On an almost-fall afternoon I walked into a coffee shop with exposed brick walls, mosaic tiled floors, and photography from local artists hung in the seating area. The smell of roasted coffee, the soul music pumping softly through the speakers, and the sight of people working on laptops were all familiar to me, but I was not in Logan Square or Pilsen or any neighborhood I frequent. I was in Englewood on 69th and Halsted.
Kusanya Cafe is a coffee shop and community space that opened in November of last year to bring more than just quality coffee to the neighborhood: it aimed to provide an attractive space for residents to get together to work and socialize. The cafe is the perfect example of the recent push by many Englewood residents to prove to the rest of the city that their neighborhood has more to offer than the negative reputation it often receives in the media. The name ‘Kusanya’ comes from a Swahili word meaning “to gather,” but has connotations that go beyond that definition to emphasize the power of a community that comes together to build something stronger than the individual.
825 W. 69th St. (Englewood)
Hours: 7am-7pm, M-Sat
As mentioned in the intro, Kusanya has the same vibe as any hipster cafe you might find in a hole-in-the-wall space in Ukrainian Village. It’s got the brick, the reclaimed wood, the handmade signs, and the people on laptops. What makes Kusanya different, though, is the lack of pretension and the enthusiasm of the entire surrounding neighborhood. The residents have a lot of pride in their local businesses and want them to thrive, so they make a point of stopping in. Everyone from teachers to local entrepreneurs to groups of school children can call Kusanya Cafe “their” space.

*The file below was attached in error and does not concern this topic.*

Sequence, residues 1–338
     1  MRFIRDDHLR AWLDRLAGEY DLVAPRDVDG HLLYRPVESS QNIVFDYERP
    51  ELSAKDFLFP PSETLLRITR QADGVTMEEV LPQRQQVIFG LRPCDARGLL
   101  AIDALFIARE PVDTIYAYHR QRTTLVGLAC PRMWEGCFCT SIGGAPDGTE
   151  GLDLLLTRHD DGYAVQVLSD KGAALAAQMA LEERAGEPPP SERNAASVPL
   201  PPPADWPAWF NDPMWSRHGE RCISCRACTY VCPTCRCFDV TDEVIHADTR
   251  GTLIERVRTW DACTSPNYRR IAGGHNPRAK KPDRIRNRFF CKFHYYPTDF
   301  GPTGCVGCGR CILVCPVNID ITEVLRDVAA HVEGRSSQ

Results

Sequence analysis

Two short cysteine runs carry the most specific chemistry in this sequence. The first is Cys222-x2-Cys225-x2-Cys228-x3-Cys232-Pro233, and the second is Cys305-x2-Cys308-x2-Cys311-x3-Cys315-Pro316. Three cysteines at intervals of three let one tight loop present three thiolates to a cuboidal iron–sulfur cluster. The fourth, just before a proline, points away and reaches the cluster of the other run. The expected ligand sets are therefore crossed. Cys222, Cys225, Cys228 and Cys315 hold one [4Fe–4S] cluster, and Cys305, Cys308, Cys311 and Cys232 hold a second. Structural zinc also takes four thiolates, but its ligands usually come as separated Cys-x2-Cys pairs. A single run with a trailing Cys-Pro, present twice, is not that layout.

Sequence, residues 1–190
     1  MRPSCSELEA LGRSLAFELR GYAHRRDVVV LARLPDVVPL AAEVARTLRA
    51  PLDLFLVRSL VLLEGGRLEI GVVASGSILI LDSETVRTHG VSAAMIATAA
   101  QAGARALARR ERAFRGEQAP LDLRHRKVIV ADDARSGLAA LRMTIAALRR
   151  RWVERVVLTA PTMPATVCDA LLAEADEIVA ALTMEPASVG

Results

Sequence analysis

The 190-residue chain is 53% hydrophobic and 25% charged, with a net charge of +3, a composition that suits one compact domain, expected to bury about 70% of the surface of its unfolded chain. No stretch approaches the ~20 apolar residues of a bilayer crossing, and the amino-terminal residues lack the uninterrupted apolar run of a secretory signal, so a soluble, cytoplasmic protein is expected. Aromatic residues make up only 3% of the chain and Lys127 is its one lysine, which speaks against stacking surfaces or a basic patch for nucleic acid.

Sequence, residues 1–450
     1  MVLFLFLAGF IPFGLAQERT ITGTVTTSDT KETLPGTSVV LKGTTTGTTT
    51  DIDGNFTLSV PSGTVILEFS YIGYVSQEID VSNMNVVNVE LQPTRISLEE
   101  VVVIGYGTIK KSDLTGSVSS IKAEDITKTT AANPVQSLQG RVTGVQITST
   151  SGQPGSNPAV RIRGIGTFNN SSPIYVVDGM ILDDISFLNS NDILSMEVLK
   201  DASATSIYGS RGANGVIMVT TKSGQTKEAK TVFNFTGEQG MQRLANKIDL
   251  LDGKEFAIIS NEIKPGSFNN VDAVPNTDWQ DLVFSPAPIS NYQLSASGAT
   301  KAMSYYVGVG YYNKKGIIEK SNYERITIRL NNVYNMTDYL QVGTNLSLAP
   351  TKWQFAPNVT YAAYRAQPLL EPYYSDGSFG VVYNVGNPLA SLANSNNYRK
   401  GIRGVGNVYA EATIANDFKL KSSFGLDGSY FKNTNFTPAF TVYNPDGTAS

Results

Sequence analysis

Very accessible aka you won’t see any $8 cups of coffee here. My latte and sandwich together were $8.00. A cup of coffee to in a for-here mug is only $1.00.
On my visit I needed to be both caffeinated and fed so I ordered a perfectly creamy soy latte that tasted much like a freshly toasted marshmallow, and a hot, crispy panini with gooey mozzarella cheese, sliced tomato, and fresh basil. The sandwich was aptly and cheekily named the Mozz Def, and depending on your mood and your dietary restrictions when you visit Kusanya, you can get the Ham Master Jay, the Lupe Tobasco, the Tuna Turner, and more. Both breakfast and lunch items are on the menu. Also available is a sandwich and soup (or salad) combo called the Souppa Fly. Beverages include standard hot or iced espresso drinks (soy and almond milk options are available aka happy vegans) as well as smoothies, frozen drinks, hot chocolate, and tea.
The Bamboo Factor
Community is an essential part of Kusanya Café’s vision, and you can see it take shape in a multitude of ways, from the local art mounted on the walls to the doors, which were donated from the Woodlawn Abundance Project. Even the benches are actually reclaimed church pews from Canaan Community Church in West Englewood. The coffee comes from Bridgeport Coffee Company, and the pastries are made at a nearby bakery. In an additional effort to draw in the community, Kusanya is offering half-off all drinks for teachers and students this week. They even implemented a pay-it-forward system where you can add $2.00 to your bill and pay for the next person’s drink.
I don’t know if I’ve given any establishment five throwing stars, but Kusanya takes them all, no hesitation. The ambiance is right, the coffee and food are delicious, and sustainability practices are in place.
Well done, Kusanya. Can’t wait to come back for that Lupe Tabasco.